By Assad Ebrahim, on May 20th, 2010 (11,318 views)
Topic: Toolkit
(Mathematical Toolset Series: TeX & LaTeX, Part 2 of 3)
EDIT: 25.Oct.2015 – improved templates added.
You can get started with LaTeX / TeX on Windows within an hour. This article walks you through setting up a working platform, provides basic templates for you to produce your first PDF document, and points you to reference materials you may find useful as you advance. The instructions below have been tested against WinXP, Win7, and now Win8.
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By Assad Ebrahim, on May 20th, 2010 (9,884 views)
Topic: Toolkit
(Mathematical Toolset Series: TeX & LaTeX, Part 3 of 3)
If you write frequently, it is likely that you have certain stock or administrative material that is included in each of your documents. You also likely spend a substantial portion of your overall effort rewriting, editing, or rearranging material. In this situation, one of the best ways of preserving your time and your sanity is to adopt a modular approach to document development.
In this final article of the three part series on LaTeX / TeX, I will discuss a modular approach to document preparation using TeX. I’ll also provide modular templates that should make your use of TeX more efficient.
By Assad Ebrahim, on April 15th, 2010 (6,892 views)
Topic: Education, Phenomenology
An examination of mathematical methods and the search for mathematical meaning.
During your studies of mathematics, physics and engineering, you may find yourself distracted or troubled by meta questions about mathematics — questions that fall outside the syllabi of most of the coursework that you’ll take.
For those for whom this itch is persistent, what follows is an outline and reading list for a Course in the Philosophy and Foundations of Mathematics. Among the topics included are the relation of mathematics to science, the examination of mathematical method, and the search for mathematical meaning.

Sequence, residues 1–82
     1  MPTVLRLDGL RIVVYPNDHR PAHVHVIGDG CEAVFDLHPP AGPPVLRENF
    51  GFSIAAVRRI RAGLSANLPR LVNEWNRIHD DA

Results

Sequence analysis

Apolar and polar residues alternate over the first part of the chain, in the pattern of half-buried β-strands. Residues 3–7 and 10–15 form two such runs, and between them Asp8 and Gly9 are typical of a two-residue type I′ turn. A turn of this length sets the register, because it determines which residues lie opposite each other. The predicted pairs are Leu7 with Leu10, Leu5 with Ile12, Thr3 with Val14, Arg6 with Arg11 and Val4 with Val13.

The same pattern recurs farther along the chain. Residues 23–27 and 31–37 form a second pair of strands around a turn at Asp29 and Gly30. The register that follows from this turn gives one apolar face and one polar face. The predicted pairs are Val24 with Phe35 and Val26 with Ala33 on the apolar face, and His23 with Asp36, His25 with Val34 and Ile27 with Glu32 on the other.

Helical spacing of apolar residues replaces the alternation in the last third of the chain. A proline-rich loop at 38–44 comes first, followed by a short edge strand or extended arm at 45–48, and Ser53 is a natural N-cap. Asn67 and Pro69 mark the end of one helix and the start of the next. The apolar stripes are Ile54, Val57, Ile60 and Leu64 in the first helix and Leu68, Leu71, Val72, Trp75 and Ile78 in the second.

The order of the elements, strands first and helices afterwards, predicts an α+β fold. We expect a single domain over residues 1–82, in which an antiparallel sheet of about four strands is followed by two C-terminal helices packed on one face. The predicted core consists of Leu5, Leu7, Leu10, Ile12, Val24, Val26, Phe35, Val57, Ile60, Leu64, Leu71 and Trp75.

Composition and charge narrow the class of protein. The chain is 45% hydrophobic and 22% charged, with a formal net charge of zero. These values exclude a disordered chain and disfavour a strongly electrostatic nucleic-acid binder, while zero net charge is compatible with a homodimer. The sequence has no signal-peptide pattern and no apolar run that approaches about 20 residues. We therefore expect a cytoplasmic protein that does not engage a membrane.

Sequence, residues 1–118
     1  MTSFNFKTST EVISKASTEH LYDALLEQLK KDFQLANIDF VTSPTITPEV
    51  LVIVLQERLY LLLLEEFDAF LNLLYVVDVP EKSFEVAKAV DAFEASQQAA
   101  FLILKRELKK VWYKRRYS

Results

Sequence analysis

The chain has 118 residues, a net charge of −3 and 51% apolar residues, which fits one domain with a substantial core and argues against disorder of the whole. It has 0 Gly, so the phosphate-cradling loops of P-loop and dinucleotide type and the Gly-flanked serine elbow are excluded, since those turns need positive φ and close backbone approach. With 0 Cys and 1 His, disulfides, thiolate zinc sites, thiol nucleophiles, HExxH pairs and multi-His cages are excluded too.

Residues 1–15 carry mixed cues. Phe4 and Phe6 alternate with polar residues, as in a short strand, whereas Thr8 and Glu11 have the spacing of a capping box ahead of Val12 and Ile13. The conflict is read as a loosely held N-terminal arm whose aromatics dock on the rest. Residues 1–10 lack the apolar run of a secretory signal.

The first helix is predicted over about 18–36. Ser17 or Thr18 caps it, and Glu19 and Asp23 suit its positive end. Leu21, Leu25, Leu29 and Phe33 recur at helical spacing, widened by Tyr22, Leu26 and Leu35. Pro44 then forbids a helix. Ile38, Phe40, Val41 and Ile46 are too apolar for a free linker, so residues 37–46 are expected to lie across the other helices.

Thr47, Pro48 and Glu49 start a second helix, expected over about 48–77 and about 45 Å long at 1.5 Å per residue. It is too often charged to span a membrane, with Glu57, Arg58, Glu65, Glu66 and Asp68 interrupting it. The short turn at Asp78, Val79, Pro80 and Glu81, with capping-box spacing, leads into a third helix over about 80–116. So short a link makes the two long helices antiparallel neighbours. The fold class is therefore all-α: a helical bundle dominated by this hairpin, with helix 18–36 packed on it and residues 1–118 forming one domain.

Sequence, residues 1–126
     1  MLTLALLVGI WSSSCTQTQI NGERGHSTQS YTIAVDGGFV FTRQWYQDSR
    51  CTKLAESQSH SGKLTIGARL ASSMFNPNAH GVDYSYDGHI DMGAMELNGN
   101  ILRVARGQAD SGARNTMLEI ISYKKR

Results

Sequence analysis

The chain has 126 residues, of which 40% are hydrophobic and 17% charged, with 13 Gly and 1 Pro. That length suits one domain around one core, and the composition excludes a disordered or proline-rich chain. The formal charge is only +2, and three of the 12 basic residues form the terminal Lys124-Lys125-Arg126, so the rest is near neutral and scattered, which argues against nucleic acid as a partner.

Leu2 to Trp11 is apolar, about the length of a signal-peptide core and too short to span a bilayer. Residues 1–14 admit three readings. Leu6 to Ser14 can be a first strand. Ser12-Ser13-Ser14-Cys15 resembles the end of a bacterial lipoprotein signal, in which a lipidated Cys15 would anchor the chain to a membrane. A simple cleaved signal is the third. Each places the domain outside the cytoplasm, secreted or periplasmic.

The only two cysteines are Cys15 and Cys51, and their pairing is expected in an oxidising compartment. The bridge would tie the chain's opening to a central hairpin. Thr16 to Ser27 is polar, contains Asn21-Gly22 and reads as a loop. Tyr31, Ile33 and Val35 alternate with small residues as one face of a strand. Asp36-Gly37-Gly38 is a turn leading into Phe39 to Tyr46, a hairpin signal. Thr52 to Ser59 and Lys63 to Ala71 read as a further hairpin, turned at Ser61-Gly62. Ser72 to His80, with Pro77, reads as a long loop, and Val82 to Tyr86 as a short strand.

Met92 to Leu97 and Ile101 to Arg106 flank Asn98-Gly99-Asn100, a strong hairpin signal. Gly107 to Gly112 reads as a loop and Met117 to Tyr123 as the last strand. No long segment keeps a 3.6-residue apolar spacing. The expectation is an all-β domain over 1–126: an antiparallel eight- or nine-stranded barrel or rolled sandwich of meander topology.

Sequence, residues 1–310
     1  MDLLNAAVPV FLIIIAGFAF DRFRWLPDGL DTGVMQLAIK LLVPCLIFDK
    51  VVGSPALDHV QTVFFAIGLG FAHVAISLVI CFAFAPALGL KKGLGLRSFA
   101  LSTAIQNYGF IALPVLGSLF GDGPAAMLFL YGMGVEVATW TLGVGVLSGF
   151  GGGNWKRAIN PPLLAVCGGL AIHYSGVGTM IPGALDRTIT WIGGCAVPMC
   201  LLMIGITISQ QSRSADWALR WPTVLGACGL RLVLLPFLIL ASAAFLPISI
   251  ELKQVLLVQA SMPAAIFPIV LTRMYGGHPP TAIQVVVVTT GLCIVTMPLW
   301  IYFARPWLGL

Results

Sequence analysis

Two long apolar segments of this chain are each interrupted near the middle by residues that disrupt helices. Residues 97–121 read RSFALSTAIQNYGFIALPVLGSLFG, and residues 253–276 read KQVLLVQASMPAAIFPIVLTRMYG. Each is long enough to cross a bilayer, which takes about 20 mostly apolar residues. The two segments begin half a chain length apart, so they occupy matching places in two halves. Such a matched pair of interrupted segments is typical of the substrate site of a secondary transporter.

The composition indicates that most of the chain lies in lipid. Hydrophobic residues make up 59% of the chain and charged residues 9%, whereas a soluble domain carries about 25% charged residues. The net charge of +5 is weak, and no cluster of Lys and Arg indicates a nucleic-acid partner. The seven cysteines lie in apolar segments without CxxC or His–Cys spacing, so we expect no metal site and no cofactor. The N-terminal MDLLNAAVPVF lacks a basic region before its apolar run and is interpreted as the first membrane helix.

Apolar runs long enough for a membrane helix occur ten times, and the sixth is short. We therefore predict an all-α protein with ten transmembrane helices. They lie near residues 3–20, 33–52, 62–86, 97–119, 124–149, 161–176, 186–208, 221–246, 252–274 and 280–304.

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By Assad Ebrahim and Carol Ouellette, on April 2nd, 2010 (6,318 views)
Topic: Mathematics, Technical
By Assad Ebrahim, on February 25th, 2010 (29,843 views)
Topic: Mathematics, Technical
Updated! February 5, 2017
The value of zero raised to the zero power, , has been discussed since the time of Euler in the 18th century (1700s). There are three reasonable choices: 1,0, or “indeterminate”. Despite consensus amongst mathematicians that the correct answer is one, computing platforms seem to have reached a variety of conclusions: Google, R, Octave, Ruby, and Microsoft Calculator choose 1; Hexelon Max and TI36 calculator choose 0; and Maxima and Excel throw an error (indeterminate). In this article, I’ll explain why, for discrete mathematics, the correct answer cannot be anything other than 0^0=1, for reasons that go beyond consistency with the Binomial Theorem (Knuth’s argument).
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By Assad Ebrahim, on February 22nd, 2010 (39,705 views)
Topic: Toolkit
Maxima is a symbolic computation platform that is free, open source, runs on Windows, Linux, and Mac, and covers a wide range of mathematical functions, including 2D/3D plotting and animation. Capabilities include algebraic simplification, polynomials, methods from calculus, matrix equations, differential equations, number theory, combinatorics, hypergeometric functions, tensors, gravitational physics, PDEs, nonlinear systems. With an active developer base and responsive community, a user gets a secure future lifecycle of the product and plenty of help when dealing with problems. The result: an essential mathematical computing package for students, programmers, engineers, scientists, and mathematicians. This article will help you get started with Maxima.
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Reading List… MathematicsApplications
MathematicsTechnical
MathematicsPhenomenology
Mathematics Education
Advanced Technology
Programming / Software Engineering

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